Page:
Japan has offered to host Australia's nuclear submarines when they arrive as Tokyo's envoy extends further defence support to Canberra.
Ambassador Shingo Yamagami said Japan stood ready to co-operate on cutting-edge technology advanced under a military deal between Australia, the US and UK.
Mr Yamagami acknowledged Japan's place in the trilateral security pact may not be immediately obvious but the nation's security was tied to allies being able to deter potential adversaries.
"We are a frontline state facing challenging circumstances in the dangerous neighbourhood of Southeast Asia," Mr Yamagami told a defence conference on Monday.
Australia will acquire nuclear-powered submarines under the agreement, which Japan has offered to host.
"Such submarines will increase regional deterrence," Mr Yamagami said.
"Some measures are already in place to receive them should they come."
Assistant Defence Minister Matt Thistlethwaite said Japan was an important partner in the region when it comes to ensuring peace and stability.
"We certainly respect the role that Japan is playing within the region," he told the ABC.
"We'll seek to continue that relationship with Japan and other nations through the Quad."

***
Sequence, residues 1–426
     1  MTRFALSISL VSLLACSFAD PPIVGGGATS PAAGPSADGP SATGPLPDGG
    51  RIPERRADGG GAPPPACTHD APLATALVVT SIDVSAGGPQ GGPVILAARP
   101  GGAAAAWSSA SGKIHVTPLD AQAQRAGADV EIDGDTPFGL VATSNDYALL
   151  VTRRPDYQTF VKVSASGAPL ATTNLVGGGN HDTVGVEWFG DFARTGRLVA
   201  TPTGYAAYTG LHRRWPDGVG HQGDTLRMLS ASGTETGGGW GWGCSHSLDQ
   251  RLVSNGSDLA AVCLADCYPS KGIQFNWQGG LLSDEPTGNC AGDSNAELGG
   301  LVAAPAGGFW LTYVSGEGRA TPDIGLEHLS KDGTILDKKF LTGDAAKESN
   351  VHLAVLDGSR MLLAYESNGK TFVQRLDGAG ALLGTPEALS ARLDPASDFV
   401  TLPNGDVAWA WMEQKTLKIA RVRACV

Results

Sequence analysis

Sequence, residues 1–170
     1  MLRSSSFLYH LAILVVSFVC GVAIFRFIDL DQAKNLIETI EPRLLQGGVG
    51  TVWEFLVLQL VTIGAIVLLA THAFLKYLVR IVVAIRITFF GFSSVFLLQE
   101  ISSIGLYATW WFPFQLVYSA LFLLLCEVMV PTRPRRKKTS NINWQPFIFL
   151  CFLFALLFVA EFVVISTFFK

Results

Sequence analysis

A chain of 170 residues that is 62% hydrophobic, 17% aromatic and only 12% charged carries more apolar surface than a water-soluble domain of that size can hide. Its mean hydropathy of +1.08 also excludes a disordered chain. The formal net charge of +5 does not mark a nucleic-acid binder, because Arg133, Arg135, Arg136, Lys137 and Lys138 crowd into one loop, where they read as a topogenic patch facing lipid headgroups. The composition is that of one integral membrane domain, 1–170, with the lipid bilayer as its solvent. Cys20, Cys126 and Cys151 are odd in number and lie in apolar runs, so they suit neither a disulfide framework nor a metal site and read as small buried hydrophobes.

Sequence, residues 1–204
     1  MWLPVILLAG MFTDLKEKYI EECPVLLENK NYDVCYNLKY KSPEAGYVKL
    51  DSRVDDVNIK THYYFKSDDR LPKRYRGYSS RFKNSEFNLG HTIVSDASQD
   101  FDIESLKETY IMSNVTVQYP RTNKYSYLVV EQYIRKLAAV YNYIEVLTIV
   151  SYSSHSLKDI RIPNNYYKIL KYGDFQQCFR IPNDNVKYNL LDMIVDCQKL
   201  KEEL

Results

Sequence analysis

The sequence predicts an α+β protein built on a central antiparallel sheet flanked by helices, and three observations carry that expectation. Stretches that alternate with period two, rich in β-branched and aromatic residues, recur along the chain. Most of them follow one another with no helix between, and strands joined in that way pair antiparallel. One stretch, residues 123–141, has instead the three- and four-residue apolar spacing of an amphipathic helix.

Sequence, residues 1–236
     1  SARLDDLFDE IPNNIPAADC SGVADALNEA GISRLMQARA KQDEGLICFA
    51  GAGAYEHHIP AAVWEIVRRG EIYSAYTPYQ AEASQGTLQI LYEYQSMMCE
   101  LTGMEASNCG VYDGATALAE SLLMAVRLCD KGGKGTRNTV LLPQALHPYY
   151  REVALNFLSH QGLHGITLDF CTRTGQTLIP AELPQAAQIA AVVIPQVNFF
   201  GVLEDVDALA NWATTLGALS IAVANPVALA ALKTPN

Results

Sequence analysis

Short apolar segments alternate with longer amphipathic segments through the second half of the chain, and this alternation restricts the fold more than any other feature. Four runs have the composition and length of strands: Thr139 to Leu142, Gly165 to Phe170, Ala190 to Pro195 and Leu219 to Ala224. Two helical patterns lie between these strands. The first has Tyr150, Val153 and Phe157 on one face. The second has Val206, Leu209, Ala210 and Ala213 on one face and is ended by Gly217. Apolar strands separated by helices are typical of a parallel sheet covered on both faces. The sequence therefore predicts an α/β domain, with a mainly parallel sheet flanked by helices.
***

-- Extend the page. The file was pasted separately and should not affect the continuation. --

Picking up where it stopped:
The Quad dialogue includes Australia, India and the US with a focus on security in the Indo-Pacific.
Mr Yamagami reiterated the words of his prime minister Fumio Kishida that "Ukraine today could be East Asia tomorrow".
Mr Kishida told the East Asia Summit that China was continuously infringing on Japan's sovereignty and stoking regional tensions.
While not directly referring to China as a threat, Mr Yamagami spoke of the need for alliances to manage a more dangerous region.
"In other words, what matters to you matters to us too," he said.
Mr Yamagami said while technology such as hypersonic weapons wasn't at the level where outside nations could be brought into the tent, Japan stood ready to help.
"Japan's co-operation with AUKUS holds great potential," the ambassador said.
Former Australian ambassador to Washington Joe Hockey said Canberra would need to leverage private investment on a scale not seen outside of war to develop the military capabilities.
Mr Hockey told the conference the war in Ukraine had been "a failure of deterrence" by Europe, lambasting France and Germany for touting mediation and appeasement.
Former defence minister Kim Beazley called for a massive boost in defence spending, from six to eight per cent of the budget.